InDesign Setting up a Document Part 1

Slugfest and Bleeds: The Ring Match of InDesign

Ready to tackle InDesign? While it might seem really painful, keep in mind that if you work at it and you patiently go through the lessons, you will be able to get around this program and, with some talent and knowledge in graphic design, you will be turning out designs that are a knock out. But before people think that we are going to get into a violent subject, it’s better if I start explaining to you InDesign’s ring match … I mean InDesign document’s area. Look at this illustration

Slug is marked by blue guides, bleed is marked by red guides (enlarged version)

If you have ever dealt with a word processing application you will be familiar with the document’s page. However, Desktop Publishing applications differ from word processing applications as they also have a pasteboard (this is not the only difference though). The pasteboard is that white area around the page which you can use to put objects that you might need while you design, but that will not be printed out.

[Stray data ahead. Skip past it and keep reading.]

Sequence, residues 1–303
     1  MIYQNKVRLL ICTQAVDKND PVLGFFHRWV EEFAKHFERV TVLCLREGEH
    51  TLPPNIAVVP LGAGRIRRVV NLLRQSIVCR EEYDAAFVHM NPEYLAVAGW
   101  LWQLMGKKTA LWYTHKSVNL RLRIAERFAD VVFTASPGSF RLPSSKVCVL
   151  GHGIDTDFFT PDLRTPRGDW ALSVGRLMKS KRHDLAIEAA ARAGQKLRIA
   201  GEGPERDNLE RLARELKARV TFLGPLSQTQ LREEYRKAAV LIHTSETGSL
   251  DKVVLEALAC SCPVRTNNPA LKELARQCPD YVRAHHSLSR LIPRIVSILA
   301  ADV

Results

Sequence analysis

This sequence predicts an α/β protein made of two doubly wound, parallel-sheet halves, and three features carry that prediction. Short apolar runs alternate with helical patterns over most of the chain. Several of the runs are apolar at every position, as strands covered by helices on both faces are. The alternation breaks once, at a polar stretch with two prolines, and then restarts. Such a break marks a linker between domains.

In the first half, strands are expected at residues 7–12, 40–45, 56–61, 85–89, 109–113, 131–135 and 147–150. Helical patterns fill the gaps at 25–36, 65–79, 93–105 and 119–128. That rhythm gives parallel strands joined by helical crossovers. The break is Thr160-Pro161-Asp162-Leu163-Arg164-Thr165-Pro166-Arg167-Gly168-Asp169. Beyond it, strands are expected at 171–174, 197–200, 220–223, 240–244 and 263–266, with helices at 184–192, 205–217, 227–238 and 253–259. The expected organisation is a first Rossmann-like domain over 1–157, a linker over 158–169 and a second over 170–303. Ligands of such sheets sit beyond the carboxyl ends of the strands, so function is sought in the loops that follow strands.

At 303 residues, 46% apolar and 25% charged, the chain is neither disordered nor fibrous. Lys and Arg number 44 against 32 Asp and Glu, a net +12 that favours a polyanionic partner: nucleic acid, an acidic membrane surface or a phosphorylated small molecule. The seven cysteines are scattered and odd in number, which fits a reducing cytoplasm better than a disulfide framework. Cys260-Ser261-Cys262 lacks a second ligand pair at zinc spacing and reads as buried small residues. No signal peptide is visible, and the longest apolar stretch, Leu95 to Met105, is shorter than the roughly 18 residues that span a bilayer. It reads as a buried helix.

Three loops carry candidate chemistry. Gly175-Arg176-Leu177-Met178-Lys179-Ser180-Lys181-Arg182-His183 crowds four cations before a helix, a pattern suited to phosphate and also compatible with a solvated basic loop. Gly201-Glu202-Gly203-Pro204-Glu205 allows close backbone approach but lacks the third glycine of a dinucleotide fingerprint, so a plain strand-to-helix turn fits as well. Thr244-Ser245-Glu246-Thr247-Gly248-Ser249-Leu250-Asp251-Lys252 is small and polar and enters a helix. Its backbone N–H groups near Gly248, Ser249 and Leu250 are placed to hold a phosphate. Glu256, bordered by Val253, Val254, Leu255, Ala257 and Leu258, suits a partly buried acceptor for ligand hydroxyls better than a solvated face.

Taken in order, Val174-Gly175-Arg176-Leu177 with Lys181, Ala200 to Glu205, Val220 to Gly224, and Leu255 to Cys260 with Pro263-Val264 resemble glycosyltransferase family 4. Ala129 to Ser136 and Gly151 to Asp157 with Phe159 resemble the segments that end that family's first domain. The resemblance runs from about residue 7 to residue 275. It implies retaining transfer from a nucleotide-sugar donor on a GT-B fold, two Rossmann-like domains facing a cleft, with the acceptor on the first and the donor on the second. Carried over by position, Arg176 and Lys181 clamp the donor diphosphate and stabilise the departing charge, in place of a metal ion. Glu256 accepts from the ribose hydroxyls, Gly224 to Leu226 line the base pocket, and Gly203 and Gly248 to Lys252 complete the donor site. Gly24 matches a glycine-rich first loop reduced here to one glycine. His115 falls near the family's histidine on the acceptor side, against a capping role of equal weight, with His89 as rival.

You then have the margins within your document’s page. Now we are getting to the harsh part … the bleed and slug. Jokes aside, here are the definitions of these two terms and an explanation of what they do:

  1. Bleed: Definition from the About Desktop Publishing Graphical Glossary
  2. Slug: The slug area is a space outside of your document page which you can use to write comments about the document you are using.

In the illustration I have shown you I have set the bleed to 3 mm and I have set the slug at the bottom of the document. But you can change these settings or not have any bleeds or slug at all. If you are printing to your desktop printer you do not need any bleed allowance. I will explain how to set bleed and slug in the next section.

This is a series of 4 articles.

1. Slugfest and Bleeds: The Ring Match of InDesign
2. Rulers and Spine
3. Setting up the page, grids and margins
4. Master Pages

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